07 Aug It’s back to school for you too!
As it is every year, the first greeting by a large “back to school” display at my neighborhood grocery store is a bit unnerving. But the fact is indisputable – it’s back to school in much of the south and it won’t be too much longer before those school supply displays are working their way north and west. Though the reminder that another year has come and gone is not one I particularly welcome, there is always something hopeful about fresh starts. Over the next year, children and young adults across the country will have opportunities every day for eye-opening experiences that help them grow and develop. I think it’s important that adults don’t let the younger generations have all the fun. With that in mind, here are some recommendations for those of you who want to build your leadership acumen.
Your kids are going to be thinking about the “three rs”: reading, writing, and arithmetic. So should you. There are a multitude of leadership books published every year – not all of them are tales from a narcissist. What I recommend instead is that you stretch yourself a bit. For example, I don’t much care for sci-fi, but one of my recent favorite “leadership” books is Orson Scott Card’s work, Ender’s Game. I was surprised to find out that it has been used by our military academies in leadership development programs. For another, one blogger I follow recently reminded me of how One Flew Over the Cuckoo’s Nest is a wonderful example of the perils of an authoritarian leadership style, as well as on how to build a coalition.
So that’s recommendation number one – since leadership books are rather dull and life isn’t, find a book about life that teaches leadership. The second recommendation is to learn the lessons from these books the same way your kids will – by discussing them with a group of others who are also reading the same book. There isn’t a single good reason you can’t manage time to invite four or five other colleagues (don’t invite more – schedules will never work out and even if they did, with that many along, some won’t make the effort to read the book –they’ll just ‘sit in’ to feel included).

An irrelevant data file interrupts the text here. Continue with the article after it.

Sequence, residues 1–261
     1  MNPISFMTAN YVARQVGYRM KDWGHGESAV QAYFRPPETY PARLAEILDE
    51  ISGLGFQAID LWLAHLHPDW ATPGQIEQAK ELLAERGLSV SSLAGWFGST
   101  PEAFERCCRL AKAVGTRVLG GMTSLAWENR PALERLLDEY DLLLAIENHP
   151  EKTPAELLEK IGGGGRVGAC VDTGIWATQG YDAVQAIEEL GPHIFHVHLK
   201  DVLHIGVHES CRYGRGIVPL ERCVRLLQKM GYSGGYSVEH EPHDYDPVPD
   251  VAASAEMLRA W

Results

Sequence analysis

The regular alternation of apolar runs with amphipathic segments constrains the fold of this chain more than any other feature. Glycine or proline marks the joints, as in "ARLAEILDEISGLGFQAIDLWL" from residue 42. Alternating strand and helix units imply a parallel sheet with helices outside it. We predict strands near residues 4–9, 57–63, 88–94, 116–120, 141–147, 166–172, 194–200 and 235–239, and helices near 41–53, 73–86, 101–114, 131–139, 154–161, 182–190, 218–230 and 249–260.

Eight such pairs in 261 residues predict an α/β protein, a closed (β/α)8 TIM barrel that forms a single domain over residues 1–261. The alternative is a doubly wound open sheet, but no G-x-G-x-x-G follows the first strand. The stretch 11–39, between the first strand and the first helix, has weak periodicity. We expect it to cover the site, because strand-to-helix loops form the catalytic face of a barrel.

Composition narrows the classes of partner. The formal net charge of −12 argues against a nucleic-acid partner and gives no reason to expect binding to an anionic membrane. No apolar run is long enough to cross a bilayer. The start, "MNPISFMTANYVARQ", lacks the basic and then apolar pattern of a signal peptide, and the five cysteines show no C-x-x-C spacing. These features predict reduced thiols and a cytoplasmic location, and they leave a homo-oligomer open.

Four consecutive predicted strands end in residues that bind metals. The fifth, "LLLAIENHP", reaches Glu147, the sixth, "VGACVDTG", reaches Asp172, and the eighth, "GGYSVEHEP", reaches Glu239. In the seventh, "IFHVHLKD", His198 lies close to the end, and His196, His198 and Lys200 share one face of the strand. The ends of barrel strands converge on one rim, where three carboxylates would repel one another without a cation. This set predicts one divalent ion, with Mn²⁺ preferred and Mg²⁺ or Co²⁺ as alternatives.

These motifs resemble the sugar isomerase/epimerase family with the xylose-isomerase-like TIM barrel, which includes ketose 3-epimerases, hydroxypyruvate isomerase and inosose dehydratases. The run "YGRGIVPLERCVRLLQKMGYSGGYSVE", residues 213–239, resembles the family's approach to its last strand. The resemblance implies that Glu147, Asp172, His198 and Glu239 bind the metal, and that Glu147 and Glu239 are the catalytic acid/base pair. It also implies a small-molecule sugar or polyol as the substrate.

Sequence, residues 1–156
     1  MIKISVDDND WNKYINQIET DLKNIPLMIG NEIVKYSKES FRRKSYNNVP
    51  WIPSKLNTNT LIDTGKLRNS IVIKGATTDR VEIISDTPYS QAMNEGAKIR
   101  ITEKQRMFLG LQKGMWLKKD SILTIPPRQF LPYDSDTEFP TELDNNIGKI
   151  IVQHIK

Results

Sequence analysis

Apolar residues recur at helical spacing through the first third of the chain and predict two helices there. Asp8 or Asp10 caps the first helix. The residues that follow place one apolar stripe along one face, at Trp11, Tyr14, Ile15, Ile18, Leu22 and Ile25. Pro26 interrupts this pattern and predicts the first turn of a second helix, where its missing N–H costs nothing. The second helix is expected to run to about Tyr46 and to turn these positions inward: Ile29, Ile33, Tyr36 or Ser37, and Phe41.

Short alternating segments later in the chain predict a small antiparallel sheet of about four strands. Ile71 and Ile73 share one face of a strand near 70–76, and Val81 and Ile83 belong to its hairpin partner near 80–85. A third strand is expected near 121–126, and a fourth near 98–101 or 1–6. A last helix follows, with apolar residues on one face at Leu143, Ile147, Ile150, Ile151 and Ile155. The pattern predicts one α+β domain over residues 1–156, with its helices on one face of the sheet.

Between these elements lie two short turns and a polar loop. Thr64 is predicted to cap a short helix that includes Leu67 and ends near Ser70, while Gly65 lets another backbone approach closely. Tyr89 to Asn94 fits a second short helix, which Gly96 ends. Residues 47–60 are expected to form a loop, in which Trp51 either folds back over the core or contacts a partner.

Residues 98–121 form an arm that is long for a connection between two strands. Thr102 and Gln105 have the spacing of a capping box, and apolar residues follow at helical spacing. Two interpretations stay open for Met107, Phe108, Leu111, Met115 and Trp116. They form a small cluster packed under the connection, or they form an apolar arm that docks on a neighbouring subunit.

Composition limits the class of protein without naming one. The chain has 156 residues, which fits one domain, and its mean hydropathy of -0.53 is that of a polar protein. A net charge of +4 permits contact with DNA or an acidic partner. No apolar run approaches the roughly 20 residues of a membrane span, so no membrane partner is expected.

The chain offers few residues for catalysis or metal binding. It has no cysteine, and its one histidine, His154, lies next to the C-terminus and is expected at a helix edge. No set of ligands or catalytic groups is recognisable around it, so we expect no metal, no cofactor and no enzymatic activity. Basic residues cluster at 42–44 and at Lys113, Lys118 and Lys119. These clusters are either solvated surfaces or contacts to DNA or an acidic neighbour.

The third recommendation involves the second “r” – writing. Writing is becoming a lost art and that is too bad. Now while it is a shame overall, it presents an opportunity for you. A few years ago, I was working on a book where we wanted to understand how people accelerated their careers. A common answer was by writing. Executives told stories of how they understood that everything they wrote – particularly emails – could potentially be forwarded to multiple people. If they wrote something bright and shared it with their boss, the likelihood was that their boss would forward it on, and so on. So these executives did two things – they found a lot to write about – industry trends, conditions in locations where the company had investments or major customers, legal rulings that might impact the business, and so on. Then, they worked diligently to write intelligently about these subjects and to clearly point out the implications for the company. So consider it as homework to make sure that once a month you gather some intelligence, produce a cogent summary, articulate a case as for why the news matters to your company, and offer it to your boss as a “you know, I was wondering . . .” sort of thing. I bet it gets forwarded along – and in a good way.